13 Nov Canterbury re-build and NZ immigration skill shortage
Wanted: Bright things with a love of coffee
Christchurch cafe and restaurant owners desperate for staff want hospitality workers added to a list of skills urgently needed to get the city back on its feet.
Cafe, bar and restaurant owners fear a “lost generation” of young people have left the city, leaving many establishments struggling to attract staff.
It has been estimated that between 15,000 and 30,000 workers across all sectors could be needed in Christchurch to tackle the peak recovery phase, above the number of workers that were in the city before the rebuild started.
Immigration New Zealand holds a Canterbury skills shortage list to target temporary migrant workers that so far have come mainly from Britain, Ireland and the Philippines.
Initially most of the listed shortages were management positions in the construction and engineering sectors, but now trades including plasterers, roof and floor tilers are among a dozen recent additions. However, the hospitality sector says it, too, is facing a critical shortage of workers.
More than 543 cafes, restaurants and bars are now open in the city – half that open before the quakes, according to research by University of Canterbury senior marketing lecturer Sussie Morrish. The research found 22 per cent of the restaurants were in the central city, while 24 per cent were in the western suburbs, especially Riccarton and surrounding areas.
But many quake-damaged restaurants have been reopening in the central city in time for the busy summer season. The Dux Dine has opened in Riccarton Rd, Cafe Valentino has reopened in St Asaph St, Strawberry Fare is doing a booming trade at the Carlton Mill corner, Pedro’s is operating from a mobile cart, and Costas Taverna, the Greek restaurant formerly in Victoria St, is back at new premises in Cranford St.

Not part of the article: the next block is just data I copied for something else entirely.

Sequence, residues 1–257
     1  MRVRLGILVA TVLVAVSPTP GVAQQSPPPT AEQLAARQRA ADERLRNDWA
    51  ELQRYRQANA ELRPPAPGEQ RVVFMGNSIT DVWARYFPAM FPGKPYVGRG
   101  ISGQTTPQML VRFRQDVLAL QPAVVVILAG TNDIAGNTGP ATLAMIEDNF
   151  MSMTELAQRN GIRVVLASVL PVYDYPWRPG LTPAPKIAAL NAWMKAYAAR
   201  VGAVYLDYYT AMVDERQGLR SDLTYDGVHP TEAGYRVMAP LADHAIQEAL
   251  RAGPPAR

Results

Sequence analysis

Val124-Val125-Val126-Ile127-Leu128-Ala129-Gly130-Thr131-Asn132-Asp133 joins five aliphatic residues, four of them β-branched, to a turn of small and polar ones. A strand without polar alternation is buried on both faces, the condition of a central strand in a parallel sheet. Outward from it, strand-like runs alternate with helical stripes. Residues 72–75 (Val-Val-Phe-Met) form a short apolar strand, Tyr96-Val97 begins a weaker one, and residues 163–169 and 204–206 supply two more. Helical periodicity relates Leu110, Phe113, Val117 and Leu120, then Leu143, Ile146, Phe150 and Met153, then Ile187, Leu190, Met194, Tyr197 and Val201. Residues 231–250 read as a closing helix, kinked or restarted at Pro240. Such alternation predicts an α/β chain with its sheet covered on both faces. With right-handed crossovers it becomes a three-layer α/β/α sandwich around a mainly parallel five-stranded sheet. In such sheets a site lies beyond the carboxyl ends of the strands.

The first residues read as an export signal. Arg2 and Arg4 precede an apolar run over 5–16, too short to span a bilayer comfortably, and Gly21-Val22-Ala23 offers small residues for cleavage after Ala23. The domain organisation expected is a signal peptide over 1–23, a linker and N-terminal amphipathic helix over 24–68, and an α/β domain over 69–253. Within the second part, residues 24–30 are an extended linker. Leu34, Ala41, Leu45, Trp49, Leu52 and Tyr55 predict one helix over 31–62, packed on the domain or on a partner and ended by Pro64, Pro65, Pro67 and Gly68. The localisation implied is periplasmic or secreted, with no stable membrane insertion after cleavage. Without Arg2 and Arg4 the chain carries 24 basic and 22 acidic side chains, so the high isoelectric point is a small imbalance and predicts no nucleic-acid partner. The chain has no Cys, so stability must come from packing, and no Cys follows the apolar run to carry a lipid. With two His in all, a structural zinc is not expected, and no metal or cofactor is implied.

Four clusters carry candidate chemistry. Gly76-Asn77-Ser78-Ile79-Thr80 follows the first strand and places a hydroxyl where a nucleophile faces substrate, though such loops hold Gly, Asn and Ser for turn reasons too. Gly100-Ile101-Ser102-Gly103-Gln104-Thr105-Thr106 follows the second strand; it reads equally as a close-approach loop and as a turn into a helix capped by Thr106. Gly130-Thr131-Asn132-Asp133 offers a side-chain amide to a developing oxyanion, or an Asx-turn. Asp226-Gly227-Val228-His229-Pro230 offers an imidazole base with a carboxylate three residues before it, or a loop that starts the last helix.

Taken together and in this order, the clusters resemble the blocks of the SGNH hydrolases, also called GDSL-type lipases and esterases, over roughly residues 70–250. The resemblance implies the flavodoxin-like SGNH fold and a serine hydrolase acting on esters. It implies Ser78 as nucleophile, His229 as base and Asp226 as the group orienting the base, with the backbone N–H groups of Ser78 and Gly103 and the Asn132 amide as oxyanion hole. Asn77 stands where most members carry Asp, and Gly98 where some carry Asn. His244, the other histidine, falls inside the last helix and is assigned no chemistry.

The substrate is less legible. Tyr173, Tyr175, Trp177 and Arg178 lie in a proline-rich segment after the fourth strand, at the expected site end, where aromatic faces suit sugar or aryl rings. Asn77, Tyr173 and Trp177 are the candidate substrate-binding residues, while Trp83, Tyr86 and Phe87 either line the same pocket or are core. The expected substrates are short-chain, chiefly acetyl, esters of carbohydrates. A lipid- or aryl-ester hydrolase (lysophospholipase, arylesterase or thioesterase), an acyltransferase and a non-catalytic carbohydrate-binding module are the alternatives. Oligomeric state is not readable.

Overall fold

Michael Turner, owner of Cafe Valentino, which has moved from Colombo St to St Asaph St as a result of the quakes, said Christchurch lost a generation of hospitality workers after the February 22, 2011 earthquake.
Before the quake, the business had employed 32 staff, but within a fortnight all but five left the city.
In the new location he had attracted about 22 staff, but the process had been difficult, Turner said.
One potential worker had wanted to come to Christchurch from Tauranga but had not been able to find accommodation.
“When all your staff have gone, there’s no-one left to train [new staff], and customers walk in and expect exactly the same experience as they did before February 2011.”
Restaurant Association chief executive Marisa Bidois said it was on her “to-do list” to ask Immigration New Zealand about the skills shortage for hospitality in Canterbury.
“What we’ve heard from the industry is that the Canterbury region is definitely struggling to find key skilled hospitality workers to fill those roles.”
It would be essential to find extra workers as the big hotels reopened. On a positive note, a large number of cafe and restaurant businesses had or were re-establishing themselves after the earthquakes.
“There are still those trying to find the right site or waiting for insurance and bits and pieces to come through, but many of our members are starting to reopen.”
Visa services southern regional manager Mike Christie said the skills shortage list would be reviewed again in February and then quarterly so it could respond to changing needs.
Immigration New Zealand wanted to put occupations on the list about three months before any foreseen demand for jobs to make it easier for employers to source workers.
Having the occupations on the list would speed up the immigration process by about two weeks, Christie said. The department was open for suggestion about where shortages might occur.